The Coastal Star

‘Technology is deterrent’: Security devices help drive down burglaries

The numbers are in: Census | Property Values

By Rich Pollack

Your doorbell camera and other video security systems could be a factor in a significant drop in crime in south Palm Beach County coastal communities.

According to Florida Department of Law Enforcement statistics released in late June, the number of 2018 crimes dropped from the previous year in every coastal South County community except for Lantana.

In the smallest communities, the number of significant crimes — ranging from auto theft to murder — dropped substantially. In Gulf Stream, for example, only three crimes were reported in 2018, down from 28 the previous year. In Ocean Ridge, the number dropped from 46 to 30, and in Highland Beach there were 27 crimes reported compared to 40 the previous year.

South Palm Beach, which in 2017 reported 12 crimes, had only one theft and one burglary reported in 2018. Manalapan’s crime numbers dropped from 28 to 16.

Larger cities in the area also saw a drop in overall crime rates, as did Palm Beach County, where the crime rate declined 11 percent. Statewide, crime was down in 2018 by 9 percent from the previous year.

One common denominator in every coastal South County community was a decline in burglaries, and many in law enforcement say technology may be a driving factor.

“We’re seeing more home security cameras and more doorbell cameras,” said Highland Beach Police Chief Craig Hartmann. “They’re a deterrent and also a solution. When we do have a problem, we are now getting digital evidence.”

Technology that allows homeowners and business people to monitor their systems remotely is also playing a role in preventing burglaries and apprehending suspects when they do occur.

“Technology is a deterrent,” said Delray Beach Assistant Police Chief Gene Sapino, who pointed out that alarm systems also help prevent break-ins.

A case in point: Late last month, a Delray Beach resident was at work when his home security company notified him that his alarm was activated. Police were notified, and using his phone, which was connected to surveillance cameras, he could see someone inside his home carrying a bag.

Officers arrived and arrested a suspect as he walked out of the home. They also recovered items taken from the home.

Boynton Beach police say they too see technology as helping to prevent crimes.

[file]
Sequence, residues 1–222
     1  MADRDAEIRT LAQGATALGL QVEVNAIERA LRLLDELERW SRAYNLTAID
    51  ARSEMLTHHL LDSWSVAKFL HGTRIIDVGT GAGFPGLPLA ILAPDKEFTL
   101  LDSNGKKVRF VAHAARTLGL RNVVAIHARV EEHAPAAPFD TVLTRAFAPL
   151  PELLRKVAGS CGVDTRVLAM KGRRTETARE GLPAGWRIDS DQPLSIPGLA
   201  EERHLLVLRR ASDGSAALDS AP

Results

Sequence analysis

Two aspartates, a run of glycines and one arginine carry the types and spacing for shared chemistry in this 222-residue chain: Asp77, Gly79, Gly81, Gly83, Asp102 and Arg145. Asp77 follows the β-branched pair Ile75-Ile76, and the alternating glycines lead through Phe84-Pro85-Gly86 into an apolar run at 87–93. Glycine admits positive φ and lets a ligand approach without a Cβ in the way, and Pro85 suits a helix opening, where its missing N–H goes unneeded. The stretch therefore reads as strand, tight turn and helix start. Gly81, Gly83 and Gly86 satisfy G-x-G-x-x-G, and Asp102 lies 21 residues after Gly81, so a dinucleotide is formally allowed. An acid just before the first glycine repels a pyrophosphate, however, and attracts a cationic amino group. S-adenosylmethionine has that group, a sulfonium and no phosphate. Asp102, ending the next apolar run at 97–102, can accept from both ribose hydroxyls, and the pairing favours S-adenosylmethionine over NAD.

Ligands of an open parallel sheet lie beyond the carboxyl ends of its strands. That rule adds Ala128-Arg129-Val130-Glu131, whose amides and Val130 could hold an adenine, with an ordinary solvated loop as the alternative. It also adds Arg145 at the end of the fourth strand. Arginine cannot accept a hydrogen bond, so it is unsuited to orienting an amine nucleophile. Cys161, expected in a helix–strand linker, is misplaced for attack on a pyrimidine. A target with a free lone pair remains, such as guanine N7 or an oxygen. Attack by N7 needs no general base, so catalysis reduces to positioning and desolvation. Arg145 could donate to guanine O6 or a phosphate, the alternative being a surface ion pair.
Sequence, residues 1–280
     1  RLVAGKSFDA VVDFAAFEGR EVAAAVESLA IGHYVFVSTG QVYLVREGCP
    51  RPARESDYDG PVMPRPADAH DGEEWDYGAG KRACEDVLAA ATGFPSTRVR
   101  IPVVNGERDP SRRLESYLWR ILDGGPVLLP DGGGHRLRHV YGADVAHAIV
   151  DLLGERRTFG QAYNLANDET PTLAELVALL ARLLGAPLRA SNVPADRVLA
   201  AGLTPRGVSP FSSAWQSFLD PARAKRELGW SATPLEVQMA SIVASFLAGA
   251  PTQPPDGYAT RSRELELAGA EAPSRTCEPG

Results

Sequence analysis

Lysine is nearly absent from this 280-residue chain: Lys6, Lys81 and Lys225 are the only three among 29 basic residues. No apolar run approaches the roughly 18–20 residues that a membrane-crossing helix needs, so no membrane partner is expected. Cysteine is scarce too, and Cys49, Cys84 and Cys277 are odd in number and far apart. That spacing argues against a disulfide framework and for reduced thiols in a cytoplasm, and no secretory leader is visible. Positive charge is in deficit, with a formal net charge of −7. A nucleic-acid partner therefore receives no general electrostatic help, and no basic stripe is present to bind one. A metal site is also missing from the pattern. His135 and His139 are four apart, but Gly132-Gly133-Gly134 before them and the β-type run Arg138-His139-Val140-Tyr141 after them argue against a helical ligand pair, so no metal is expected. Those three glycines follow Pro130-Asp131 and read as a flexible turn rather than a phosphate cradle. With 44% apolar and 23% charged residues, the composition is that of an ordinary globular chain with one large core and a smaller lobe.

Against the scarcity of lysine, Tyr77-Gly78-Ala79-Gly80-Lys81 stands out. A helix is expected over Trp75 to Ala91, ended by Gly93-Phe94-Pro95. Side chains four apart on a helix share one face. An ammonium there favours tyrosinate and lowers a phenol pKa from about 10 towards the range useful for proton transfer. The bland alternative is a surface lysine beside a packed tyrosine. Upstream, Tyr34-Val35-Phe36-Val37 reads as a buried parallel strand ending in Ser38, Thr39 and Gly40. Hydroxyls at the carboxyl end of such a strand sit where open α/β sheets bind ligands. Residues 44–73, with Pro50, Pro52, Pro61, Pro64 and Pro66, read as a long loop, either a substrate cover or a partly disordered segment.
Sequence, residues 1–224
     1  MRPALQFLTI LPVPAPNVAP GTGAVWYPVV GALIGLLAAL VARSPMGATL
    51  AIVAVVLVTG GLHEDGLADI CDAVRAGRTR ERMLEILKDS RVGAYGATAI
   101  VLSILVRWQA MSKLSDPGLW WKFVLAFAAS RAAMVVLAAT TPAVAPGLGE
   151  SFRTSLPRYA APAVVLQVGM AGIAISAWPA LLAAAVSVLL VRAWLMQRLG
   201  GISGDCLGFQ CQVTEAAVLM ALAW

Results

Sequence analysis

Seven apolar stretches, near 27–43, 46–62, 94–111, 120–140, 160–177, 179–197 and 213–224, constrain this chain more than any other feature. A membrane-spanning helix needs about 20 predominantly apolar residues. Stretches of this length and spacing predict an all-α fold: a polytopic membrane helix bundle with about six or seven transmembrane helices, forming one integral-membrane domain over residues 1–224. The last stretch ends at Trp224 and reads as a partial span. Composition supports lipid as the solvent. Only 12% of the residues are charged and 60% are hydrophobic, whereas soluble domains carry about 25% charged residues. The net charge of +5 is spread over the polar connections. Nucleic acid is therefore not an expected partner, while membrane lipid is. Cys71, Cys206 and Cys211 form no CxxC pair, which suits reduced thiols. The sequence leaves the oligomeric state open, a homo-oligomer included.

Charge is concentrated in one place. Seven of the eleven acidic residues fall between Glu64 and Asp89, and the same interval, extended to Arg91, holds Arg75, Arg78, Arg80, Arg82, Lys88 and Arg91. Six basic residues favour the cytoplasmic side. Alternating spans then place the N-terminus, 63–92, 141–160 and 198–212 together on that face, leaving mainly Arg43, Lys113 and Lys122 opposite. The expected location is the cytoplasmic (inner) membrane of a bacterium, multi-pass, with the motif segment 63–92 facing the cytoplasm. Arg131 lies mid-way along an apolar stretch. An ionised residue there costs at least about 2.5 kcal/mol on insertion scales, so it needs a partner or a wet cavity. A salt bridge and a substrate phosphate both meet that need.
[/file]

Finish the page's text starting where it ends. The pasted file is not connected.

“Many homes in our city are equipped with doorbell cameras and video surveillance,” said police spokesperson Stephanie Slater. “Residents often contact us when they see suspicious activity on videos, and we appreciate their willingness to work with us to keep their neighborhoods safe.”

Law enforcement officials throughout the area say that improved cooperation and communication between police and residents also play a role in lowering rates of burglary and other crimes.

“We have a good working relationship with our communities,” said Sapino of Delray Beach, where community engagement is a high priority for the Police Department.

Communication with residents — and residents who follow through — may also be a factor in keeping crime down.

“Successful policing of any community requires a cooperative effort between law enforcement and the people they serve,” said Ocean Ridge Police Chief Hal Hutchins.

In Boca Raton, technology and communication with the public are coming together thanks to a recently announced partnership between the Police Department and Ring. The video doorbell maker offers a neighborhood watch app, “Neighbors,” that provides real-time, local crime and safety information. 

Although crime is on the decline, police throughout the area say residents still need to be vigilant and take steps to avoid becoming victims. One concern remains the rise in thefts from cars, often committed by people from outside the area.

Law enforcement is continuing to urge residents not to leave valuables, especially guns, in their vehicles overnight and to keep locking their cars, trucks and SUVs. 

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